Military History/WW1 359th Infantry Regiment, H Company Battle Info
My relative was in the 359th infantry regiment, H company. He reported to Camp Travis in San Antonio in early 1918. I have four letters he wrote on YMCA stationary, two from boot camp (Mar & Apr 1918), one from a ship in the Atlantic near the coast of France, and his final letter from France Aug 10, 1918. He was killed in action Sept 26th, 1918 in the St. Mihiel sector, south of Preny according to the letter to the family from M.M. Hoffman, Jr., Chaplain 359th infantry. I have his draft card, obituary, and various family photos of his grave in France as well as his burial in Texas several years later.
My goals are to learn more about his specific location during the St. Mihiel battle and then the Meuse-Argonne offensive. I don't know if information exists that pinpoints company H's locations in these battles and I don't know where in France Preny is and what occurred there on September 26th, 1918. I also would love to correspond with anyone who had a relative in H company.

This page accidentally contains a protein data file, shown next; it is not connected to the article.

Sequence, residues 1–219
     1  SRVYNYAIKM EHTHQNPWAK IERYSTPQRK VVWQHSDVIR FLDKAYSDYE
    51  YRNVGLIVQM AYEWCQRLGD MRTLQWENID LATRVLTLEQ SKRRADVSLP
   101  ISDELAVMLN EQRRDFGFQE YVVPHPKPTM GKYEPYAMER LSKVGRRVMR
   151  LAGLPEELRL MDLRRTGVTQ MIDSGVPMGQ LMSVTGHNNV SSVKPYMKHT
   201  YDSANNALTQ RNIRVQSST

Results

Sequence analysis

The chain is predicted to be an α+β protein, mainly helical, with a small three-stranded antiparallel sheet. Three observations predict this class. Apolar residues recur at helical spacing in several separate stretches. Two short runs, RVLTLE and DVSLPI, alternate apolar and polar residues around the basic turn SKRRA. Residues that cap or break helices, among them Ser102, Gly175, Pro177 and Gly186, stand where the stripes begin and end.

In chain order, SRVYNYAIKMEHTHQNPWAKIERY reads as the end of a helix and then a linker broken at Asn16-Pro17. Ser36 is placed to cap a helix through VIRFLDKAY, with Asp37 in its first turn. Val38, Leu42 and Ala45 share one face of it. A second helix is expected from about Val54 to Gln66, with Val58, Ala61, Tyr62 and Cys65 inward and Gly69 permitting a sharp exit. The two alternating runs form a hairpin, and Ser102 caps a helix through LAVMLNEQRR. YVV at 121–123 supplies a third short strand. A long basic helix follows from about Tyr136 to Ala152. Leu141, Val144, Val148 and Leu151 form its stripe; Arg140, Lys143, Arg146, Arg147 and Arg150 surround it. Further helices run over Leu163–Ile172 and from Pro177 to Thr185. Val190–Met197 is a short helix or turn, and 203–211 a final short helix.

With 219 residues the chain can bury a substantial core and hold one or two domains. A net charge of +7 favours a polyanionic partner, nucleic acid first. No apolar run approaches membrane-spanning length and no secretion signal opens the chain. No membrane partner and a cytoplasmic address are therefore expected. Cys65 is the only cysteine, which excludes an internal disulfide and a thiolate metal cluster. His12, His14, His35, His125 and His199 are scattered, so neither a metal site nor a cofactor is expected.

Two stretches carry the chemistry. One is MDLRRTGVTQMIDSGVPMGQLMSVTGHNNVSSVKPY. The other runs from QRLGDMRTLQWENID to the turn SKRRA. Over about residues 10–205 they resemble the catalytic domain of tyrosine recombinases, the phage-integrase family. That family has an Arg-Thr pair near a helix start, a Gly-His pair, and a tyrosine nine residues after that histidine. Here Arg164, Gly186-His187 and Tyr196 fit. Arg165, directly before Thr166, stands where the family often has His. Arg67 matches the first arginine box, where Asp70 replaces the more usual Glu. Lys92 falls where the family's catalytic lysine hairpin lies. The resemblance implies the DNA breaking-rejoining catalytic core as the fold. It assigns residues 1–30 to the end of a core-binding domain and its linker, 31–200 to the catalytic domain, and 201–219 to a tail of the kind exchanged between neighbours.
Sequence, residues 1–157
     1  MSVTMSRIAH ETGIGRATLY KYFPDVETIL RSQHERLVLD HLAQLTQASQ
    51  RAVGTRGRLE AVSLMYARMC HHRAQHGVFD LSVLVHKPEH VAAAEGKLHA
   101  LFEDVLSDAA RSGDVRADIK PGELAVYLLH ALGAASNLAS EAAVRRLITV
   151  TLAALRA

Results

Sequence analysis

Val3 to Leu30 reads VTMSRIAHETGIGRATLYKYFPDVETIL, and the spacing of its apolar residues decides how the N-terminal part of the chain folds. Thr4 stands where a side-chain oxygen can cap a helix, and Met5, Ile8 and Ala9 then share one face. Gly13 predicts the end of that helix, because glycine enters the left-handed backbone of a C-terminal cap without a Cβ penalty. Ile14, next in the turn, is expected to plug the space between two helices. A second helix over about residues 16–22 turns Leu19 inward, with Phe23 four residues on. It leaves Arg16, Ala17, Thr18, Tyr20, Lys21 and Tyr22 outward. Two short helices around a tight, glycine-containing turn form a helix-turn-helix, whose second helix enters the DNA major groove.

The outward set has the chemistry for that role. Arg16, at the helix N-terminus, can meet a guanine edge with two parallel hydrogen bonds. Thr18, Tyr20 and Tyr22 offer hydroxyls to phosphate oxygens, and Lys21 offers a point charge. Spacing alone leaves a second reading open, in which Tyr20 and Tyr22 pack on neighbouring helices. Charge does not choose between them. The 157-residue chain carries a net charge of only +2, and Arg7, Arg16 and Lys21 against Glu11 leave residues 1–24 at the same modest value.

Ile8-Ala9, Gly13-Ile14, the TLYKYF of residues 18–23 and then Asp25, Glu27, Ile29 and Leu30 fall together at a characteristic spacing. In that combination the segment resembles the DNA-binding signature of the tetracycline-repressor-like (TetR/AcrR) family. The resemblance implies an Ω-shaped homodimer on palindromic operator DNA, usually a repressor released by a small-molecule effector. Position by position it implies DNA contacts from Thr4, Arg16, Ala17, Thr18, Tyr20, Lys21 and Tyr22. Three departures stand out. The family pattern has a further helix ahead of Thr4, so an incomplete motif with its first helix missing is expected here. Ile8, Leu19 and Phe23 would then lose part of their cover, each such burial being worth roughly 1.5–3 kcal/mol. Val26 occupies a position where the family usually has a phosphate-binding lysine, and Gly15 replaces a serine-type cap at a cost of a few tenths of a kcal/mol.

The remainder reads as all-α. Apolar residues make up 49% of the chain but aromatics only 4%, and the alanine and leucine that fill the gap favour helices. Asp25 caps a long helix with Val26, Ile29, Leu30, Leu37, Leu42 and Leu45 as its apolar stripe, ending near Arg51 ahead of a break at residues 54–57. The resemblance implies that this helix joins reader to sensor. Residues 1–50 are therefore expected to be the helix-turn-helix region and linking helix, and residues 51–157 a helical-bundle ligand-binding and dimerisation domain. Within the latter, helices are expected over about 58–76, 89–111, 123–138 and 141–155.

How long was boot camp, where did the camp travis soldiers travel to on the east coast to board the transport to France, and how long did the trip across the Atlantic take?
I have been fascinated with my relative and his WW1 experience ever since I was a kid. I greatly appreciate any information that can be provided and I would love to be contacted by anyone with a relative that was also in H company.
I apologize for not getting back to you sooner but I have been out of town on military orders. You can type in "A History Of The 90th Division"-Internet Archive in your search engine and the complete book will come up. It will answer all your questions in relation to your relative's service in World War I. He was in the sixth contingent of recruits that arrived at Camp Travis, Texas in March-April, 1918. His regiment was part of the 180th Brigade. This brigade was called "The Texas Brigade" because the majority of its soldiers came from North and West Texas. The town of Preny is actually Villers-sous-Preny and was occupied by the Germans until driven out by the 90th Infantry Division on 14 September 1918. May God Bless-Colonel Robert A. Lynn, Florida Guard